Echolocation

How dolphins and porpoise use sound

Whales and dolphins (collectively called cetaceans) live in a world in which it is often difficult to see very far. Even in the clearest tropical water the visibility is less than a few hundred feet. Here in Cardigan Bay the visibility is usually not more than 30 feet. This means that cetaceans cannot rely on their vision to communicate or forage. Instead they use sound to explore their water world.

Exploring echolocation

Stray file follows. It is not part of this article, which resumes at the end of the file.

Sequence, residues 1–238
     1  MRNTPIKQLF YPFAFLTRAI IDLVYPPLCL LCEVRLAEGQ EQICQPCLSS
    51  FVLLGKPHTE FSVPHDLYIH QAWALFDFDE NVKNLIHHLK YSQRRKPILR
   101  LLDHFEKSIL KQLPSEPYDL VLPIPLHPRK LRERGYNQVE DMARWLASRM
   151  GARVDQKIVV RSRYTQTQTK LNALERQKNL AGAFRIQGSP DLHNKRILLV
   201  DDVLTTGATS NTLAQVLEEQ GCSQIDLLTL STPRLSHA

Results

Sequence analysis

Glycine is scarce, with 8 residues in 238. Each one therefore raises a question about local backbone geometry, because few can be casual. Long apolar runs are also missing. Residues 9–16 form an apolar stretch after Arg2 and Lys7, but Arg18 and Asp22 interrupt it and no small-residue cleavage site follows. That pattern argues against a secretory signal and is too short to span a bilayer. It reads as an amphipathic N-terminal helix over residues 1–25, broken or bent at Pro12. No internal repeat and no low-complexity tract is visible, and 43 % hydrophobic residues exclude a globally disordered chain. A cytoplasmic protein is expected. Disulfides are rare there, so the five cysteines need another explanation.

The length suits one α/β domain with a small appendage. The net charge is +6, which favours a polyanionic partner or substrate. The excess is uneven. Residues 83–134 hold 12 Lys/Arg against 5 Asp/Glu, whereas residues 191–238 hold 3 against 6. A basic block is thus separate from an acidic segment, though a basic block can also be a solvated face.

The dolphin can work out how far away the fish is from the time it takes the click that was sent out to return. The click returns when it bounces back of an object. If the dolphin keeps producing clicks and receiving the echos, it will get information back about the speed and direction that the fish is moving.

An echolocating dolphin can detect a 2.5cm object from 72 metres away! If the dolphin is far from the target it will produce clicks at a slow rate. The closer the dolphin gets to a target, the faster the clicks bounce back and the faster the dolphin sends out more clicks to detect the object the clicks are bouncing off.